Concern groups have renewed calls for relics unearthed at the To Kwa Wan MTR site to be preserved in situ after photographs emerged over the weekend of empty pits at the site.
A photo of the Sacred Hill site snapped on Saturday by the History Needs Us group from buildings near the station - which is part of the Sha Tin-Central Link - showed several empty ditches surrounded by steel piling.
The group fears construction may have begun before an archaeological survey could be conducted in the area, and that the relics may have been removed from the pits without public knowledge.
But an Antiquities and Monuments Office spokeswoman said yesterday no new relics had been removed according to its latest inspection, carried out on Friday.
Albert Lai Kwong-tak, chairman of the Professional Commons think tank, which is working with the group, said the MTR had to change its excavation strategy. "It removes opportunities for in situ preservation and violates the procedure set out in the China Principles for Heritage Conservation, which requires such relics to be removed only if no alternative can be found."
An MTR spokeswoman said the area was part of the third phase of the recently expanded excavation site, which was not covered by the link's original environmental impact assessment that stipulates all archaeological work must be complete before construction can begin.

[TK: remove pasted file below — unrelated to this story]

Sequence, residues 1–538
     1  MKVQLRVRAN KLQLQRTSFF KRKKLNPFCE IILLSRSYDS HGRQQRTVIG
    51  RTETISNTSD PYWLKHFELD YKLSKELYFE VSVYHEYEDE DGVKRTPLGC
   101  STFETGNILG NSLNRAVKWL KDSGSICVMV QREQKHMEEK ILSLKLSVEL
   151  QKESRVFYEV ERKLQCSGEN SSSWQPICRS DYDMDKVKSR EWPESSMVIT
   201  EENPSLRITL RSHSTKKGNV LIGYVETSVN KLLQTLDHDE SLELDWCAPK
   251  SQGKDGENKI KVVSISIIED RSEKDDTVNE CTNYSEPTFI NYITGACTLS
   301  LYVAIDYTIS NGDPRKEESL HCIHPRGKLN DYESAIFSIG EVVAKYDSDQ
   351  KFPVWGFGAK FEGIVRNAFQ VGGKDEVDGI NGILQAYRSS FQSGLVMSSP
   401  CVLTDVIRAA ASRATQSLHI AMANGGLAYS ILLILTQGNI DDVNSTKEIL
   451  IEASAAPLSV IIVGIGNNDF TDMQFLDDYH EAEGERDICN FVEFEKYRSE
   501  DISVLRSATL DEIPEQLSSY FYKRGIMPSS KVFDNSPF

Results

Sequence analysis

"Construction of boundary walls was already under way when we were told the excavation site had to be expanded. All work not related to archaeological excavation has already been stopped," she said.
Thousands of artefacts and relics - including four wells dating back to the Song dynasty - have already been removed from the To Kwa Wan MTR site, which is under construction.
Under the MTR's Archaeological Action Plan, any relic found can be excavated and removed unless approval is given to leave it in place. This has prompted opposition from many groups, who want the relics kept where they are until the entire archaeological excavation is completed.
Antiquities Advisory Board chairman Andrew Lam Siu-lo said it was impossible for the MTR to report to the board every time something new was found. "They will move the [relics] when they need to and keep a record of them unless we deem it is necessary that they stay," he said.